Because “shave ready’ isn’t good enough. We’re just not satisfied with the level of polish and the edge off of the 8k stone. While shave ready is certainly comfortable and sharp, we want our razor to just look at the hairs and scare them into cutting themselves. We want the hairs to just “pop off” once contact with the razor’s edge is made. An 8k finish just doesn’t quite do that. Stay tuned for our series on why a smoother polish is better and why pulling happens.
Continuing the true honing process, we continue polishing the razor’s edge on a Naniwa 12,000 grit waterstone. Before beginning the next step, we continually examine each blade and test it. Once we are satisfied that we’ve gotten all the sharpness out of the 8k stone, we begin honing on the 12k stone. During these final polishing steps, individual attention to detail is critical. Over-honing and under-honing are the obvious pitfalls. The process can be likened to threading a needle.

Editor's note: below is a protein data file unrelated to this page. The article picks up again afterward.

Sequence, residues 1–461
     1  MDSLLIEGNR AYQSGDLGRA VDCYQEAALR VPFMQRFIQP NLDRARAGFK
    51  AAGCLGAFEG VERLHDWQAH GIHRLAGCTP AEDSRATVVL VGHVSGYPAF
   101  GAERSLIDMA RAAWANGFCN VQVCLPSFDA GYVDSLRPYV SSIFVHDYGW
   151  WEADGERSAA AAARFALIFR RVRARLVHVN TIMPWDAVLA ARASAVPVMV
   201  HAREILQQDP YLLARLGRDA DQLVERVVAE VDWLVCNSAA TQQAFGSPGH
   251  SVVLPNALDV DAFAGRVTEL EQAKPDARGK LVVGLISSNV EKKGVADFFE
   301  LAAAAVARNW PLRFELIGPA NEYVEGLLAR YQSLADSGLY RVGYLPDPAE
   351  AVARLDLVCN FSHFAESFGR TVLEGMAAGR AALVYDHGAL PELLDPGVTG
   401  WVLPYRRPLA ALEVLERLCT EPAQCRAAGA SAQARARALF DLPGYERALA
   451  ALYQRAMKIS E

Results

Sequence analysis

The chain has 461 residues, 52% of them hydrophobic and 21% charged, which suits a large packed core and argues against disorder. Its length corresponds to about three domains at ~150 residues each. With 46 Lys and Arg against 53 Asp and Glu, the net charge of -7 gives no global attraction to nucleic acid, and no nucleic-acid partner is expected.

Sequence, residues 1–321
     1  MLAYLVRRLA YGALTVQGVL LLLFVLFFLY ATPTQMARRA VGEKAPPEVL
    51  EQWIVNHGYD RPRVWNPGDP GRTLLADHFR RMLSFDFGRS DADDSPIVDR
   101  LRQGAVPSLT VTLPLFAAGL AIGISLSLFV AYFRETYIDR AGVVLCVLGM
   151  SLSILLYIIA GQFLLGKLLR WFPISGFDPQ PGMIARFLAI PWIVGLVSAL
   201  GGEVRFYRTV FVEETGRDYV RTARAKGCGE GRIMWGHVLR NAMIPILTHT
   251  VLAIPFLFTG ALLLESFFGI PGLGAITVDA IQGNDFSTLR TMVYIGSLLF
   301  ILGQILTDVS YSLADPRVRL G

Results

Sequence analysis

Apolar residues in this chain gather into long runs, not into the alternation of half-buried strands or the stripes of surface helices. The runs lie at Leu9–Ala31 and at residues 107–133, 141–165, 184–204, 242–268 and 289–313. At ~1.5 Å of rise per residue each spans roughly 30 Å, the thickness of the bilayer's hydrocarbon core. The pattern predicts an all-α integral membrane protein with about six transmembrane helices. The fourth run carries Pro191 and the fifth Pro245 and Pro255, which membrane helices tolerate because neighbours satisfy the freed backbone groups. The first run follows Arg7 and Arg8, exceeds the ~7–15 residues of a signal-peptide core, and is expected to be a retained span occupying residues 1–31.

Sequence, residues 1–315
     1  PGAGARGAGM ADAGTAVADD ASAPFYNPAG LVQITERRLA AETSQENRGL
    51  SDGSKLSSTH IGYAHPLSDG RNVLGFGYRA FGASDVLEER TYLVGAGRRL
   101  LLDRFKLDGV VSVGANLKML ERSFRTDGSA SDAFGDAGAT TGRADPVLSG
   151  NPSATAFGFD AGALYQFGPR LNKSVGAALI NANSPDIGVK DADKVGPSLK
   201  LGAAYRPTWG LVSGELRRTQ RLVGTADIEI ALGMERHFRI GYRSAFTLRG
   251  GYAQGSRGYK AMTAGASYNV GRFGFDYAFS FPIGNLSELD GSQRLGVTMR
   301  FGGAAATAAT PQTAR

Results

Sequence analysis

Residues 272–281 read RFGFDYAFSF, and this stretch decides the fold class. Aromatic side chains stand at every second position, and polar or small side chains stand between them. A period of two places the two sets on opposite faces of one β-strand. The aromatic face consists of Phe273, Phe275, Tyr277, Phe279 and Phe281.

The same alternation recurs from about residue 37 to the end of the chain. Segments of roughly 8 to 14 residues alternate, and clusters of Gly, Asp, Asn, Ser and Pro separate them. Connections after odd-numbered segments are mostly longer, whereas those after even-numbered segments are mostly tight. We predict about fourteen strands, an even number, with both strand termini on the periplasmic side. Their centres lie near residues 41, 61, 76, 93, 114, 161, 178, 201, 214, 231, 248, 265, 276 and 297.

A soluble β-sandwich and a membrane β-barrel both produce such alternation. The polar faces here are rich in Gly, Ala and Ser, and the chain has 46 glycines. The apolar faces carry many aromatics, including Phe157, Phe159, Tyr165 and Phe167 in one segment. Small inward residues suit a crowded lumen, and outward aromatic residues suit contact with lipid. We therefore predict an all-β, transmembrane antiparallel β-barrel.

Since each blade requires a different number of laps, we cannot tell you how many laps we do. As many as is required is the answer. It is a continual process of honing a few laps, testing, honing a few laps, testing. The process ends once we are satisfied with the edge. At this point, we consider the edge to be “beyond shave ready.” The razor is extremely sharp and will shave hairs effortlessly.
Yet, that isn’t the end of our honing process. While other honemeisters and razor sharpeners are satisfied with this level of polish, we aren’t. We are after the ultimate edge. There is one more step in our honing process. The final polishing procedure that makes our razors truly honed.
Average time spent at this stage: 10 minutes